“The election resulted in a majority of the Michigan citizens voting to repeal the long standing dove hunting season. Considering Michigan is known as one of the nation’s predominant states with favorable habitat for wildlife and fish and a larger than average number of sportsmen, the election results were a surprise.

 “The effort to effectively end Maine’s traditional annual bear hunt is being led by a newly-formed organization called “Mainers for Fair Bear Hunting.” Its website is full of pictures of cuddly-looking bear cubs and emotional appeals.

“What is not so apparent, however, is the fact that the shadow-group is not made up of Mainers at all, but is simply a hollow website maintained by the Washington, D.C.-based Humane Society of the United States.

“HSUS is an extremist group that misleads the public and profits greatly off of its prolific fundraising efforts. People may know it for its television ads that feature Sarah McLachlan singing and soliciting contributions to support its animal shelters. What is not mentioned is that only one percent of its $100 million racket actually goes to animal shelters.”

 “California AB 711 (Rendon) Hunting: nonlead ammunition – Would expand the current ban on lead ammunition for hunting in the range of the California Condor to prohibit the use of all lead ammunition for any hunting throughout the entire state.

Because the Federal Bureau of Alcohol, Tobacco, Firearms and Explosives (ATF) has made a determination that rifle and pistol nonlead ammunition meets the tests for illegal armor piercing ammunition, AB 711 could result in stopping hunting with rifles and pistols as there would be no ammunition for these firearms that would be legal for hunting.”


Michigan Record Muskie Receives Additional Honors


The state-record Great Lakes muskellunge caught by Joseph Seeberger of Portage, Mich., on Oct. 13, 2012, has now been listed as a world record by the International Committee of the Modern Day Muskellunge World Record Program (MDMWRP). 

Seeberger caught the fish on Lake Bellaire in Antrim County. Michigan Department of Natural Resources verified the record and documented that the fish weighed 58 pounds. Although the DNR did not measure the length (Michigan records are determined by weight only), the angler measured the fish at a length of 59 inches with a flexible tape. Later in the day, a taxidermist reported the length at 58 inches.

“Mr. Seeberger’s fish is another example of the capacity of Michigan waters to produce enormous, world-record fish,” said acting Central Lake Michigan Management Unit manager Scott Heintzelman. “Added protection from recent regulation changes will allow more of these magnificent fish to reach their maximum potential and provide anglers the chance to catch the fish of a lifetime.”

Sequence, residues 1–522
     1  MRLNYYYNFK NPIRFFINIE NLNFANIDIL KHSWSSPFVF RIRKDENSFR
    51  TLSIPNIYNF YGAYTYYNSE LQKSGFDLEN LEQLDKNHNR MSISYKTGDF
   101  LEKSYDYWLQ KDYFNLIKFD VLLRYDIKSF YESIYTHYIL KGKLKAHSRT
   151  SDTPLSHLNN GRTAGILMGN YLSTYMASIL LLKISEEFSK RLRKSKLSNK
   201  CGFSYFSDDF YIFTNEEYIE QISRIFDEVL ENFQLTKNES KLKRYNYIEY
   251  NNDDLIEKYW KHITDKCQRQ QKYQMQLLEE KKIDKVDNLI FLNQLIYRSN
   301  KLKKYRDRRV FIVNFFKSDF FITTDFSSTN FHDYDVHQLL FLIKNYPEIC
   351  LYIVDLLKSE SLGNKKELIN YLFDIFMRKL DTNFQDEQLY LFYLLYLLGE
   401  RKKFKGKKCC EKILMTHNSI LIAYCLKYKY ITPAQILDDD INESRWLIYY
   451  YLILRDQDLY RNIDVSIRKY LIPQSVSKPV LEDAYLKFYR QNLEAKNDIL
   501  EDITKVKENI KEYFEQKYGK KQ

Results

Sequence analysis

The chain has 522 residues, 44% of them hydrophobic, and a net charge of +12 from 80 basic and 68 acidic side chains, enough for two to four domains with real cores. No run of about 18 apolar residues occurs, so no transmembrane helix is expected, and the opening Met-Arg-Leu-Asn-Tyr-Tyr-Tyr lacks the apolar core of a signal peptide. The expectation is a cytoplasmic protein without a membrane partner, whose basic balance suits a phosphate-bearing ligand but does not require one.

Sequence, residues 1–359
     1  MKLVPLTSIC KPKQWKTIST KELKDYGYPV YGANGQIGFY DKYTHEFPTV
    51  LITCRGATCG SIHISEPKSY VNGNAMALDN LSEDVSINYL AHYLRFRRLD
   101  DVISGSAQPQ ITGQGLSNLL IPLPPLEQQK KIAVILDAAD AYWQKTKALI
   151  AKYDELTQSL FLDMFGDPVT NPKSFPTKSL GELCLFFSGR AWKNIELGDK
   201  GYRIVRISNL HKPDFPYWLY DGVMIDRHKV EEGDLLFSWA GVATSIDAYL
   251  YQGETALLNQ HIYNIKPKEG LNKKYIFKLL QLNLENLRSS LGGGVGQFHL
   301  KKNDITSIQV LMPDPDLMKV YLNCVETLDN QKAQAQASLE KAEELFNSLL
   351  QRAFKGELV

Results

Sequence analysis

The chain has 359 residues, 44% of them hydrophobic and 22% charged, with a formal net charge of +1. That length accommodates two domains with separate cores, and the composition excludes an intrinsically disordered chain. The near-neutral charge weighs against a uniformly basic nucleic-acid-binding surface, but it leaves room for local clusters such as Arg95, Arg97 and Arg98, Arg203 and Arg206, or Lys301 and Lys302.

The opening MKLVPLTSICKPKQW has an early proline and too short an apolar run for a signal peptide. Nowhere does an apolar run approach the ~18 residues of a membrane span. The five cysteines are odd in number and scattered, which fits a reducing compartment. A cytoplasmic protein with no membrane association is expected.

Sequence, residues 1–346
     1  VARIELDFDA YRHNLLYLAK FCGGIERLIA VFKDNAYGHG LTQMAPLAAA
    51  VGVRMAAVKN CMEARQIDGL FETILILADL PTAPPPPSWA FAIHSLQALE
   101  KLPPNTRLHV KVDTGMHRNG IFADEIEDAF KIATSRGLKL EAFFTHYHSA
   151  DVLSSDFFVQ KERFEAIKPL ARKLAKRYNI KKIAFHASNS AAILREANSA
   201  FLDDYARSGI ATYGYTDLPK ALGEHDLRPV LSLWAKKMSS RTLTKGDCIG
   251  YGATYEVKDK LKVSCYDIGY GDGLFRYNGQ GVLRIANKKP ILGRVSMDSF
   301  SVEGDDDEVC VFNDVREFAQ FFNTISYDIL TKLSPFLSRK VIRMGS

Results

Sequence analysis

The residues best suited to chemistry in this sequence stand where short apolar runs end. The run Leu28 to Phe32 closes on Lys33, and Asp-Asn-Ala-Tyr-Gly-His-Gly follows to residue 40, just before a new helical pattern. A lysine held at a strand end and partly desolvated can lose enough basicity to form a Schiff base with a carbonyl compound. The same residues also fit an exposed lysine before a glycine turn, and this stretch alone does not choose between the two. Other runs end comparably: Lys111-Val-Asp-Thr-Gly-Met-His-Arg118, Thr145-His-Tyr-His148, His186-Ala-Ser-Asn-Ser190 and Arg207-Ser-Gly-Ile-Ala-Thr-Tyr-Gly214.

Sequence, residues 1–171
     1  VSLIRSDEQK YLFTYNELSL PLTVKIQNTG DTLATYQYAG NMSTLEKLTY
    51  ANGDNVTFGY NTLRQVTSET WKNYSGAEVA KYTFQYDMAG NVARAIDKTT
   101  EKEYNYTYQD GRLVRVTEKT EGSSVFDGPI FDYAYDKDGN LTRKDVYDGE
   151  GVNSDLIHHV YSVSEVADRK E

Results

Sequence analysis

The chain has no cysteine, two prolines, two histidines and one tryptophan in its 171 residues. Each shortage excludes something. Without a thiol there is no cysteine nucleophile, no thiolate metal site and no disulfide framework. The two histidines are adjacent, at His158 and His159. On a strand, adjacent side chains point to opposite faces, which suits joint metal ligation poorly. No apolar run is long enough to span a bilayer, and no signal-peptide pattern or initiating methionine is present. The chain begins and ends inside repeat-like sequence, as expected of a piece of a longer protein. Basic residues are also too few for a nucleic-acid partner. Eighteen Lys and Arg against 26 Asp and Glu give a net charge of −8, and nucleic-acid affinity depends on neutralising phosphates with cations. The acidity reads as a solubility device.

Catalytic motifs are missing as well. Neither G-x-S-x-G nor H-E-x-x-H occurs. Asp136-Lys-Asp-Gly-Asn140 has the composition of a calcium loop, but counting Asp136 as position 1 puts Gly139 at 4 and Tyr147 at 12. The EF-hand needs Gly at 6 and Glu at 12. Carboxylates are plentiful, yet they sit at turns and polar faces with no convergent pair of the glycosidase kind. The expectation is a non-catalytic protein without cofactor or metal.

MDMWRP is a committee of muskellunge scientists, industry leaders, anglers and outdoor media personalities that formed in 2006. The program facilitates the recording and verification of muskellunge world records, covering a current void of record availability to North American muskellunge anglers for fish in the 58- to 68-pound range. This range has been chosen because it is considered the maximum ultimate range of growth for this species. Prior to Seeberger’s submission, there had not been a MDMWRP world-record entry verified.

MDMWRP is one of many organizations that recognize world-record catches. Many of these organizations differ on their required criteria.

Over the past year, the DNR has made changes to muskellunge fishing regulations in an effort to improve fishing opportunities and to further protect the species. Starting April 1, the possession limit will change to allow anglers to keep only one muskellunge per season, instead of one per day. Anglers must also obtain a free harvest tag that must be attached to the muskellunge they intend to keep. These tags are available wherever fishing licenses are sold and will be available March 1.


Low Water Threatens Access, Navigation on Huron, Michigan, Superior

Top photo of Lake Michigan shoreline at Pere Marquette Park is from Oct. 12, 2012, while the lower is of the same location on July 20, 2011.

Lakes Michigan, Huron, and Superior all are dangerously close to all-time record lows.

Additionally, the U.S. Army Corps of Engineers warns that if the current trend continues, these lakes will reach historic lows later this year or early in 2013. That could have serious negative implications for access and navigation, as well as the environmental health of the Great Lakes ecosystem.

A mild winter with little snow followed by a hot summer with little rain likely is the biggest factor leading to these low-water conditions.

Read more here